This passage on
The technique is known as “Bulverism.”
And it unfolds in two parts.
- Assume that your opponent is wrong.
- Explain the error they have made.
But how many people proceed in this fallacious way?!
This is actually a form of circular reasoning, for you
Let’s all cut this out, me too.
Here again C. S. Lewis comes to our aid. In a comical passage from a serious essay, he imagines one Ezekiel Bulver, “one of the makers of the Twentieth Century,” whose great achievement was the uncovering of this great and lasting truth: “Assume that your opponent is wrong, and then explain his error, and the world will be at your feet. Attempt to prove that he is wrong or (worse still) try to find out whether he is wrong or right, and the national dynamism of our age will thrust you to the wall.” So Lewis gives this popular argumentative strategy—“ assume that your opponent is wrong, and then explain his error”—a name: Bulverism.*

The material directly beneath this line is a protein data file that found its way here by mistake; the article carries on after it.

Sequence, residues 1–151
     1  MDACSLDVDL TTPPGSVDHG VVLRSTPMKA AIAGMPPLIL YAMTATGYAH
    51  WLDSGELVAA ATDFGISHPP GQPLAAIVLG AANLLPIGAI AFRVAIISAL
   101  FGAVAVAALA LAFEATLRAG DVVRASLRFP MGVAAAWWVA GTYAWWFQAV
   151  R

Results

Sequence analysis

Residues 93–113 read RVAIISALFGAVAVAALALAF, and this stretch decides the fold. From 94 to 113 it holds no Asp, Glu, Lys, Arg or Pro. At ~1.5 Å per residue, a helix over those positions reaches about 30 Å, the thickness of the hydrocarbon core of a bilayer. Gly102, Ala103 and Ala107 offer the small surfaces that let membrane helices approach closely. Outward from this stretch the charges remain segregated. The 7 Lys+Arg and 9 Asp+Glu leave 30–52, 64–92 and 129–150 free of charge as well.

-Alan Jacobs, How To Think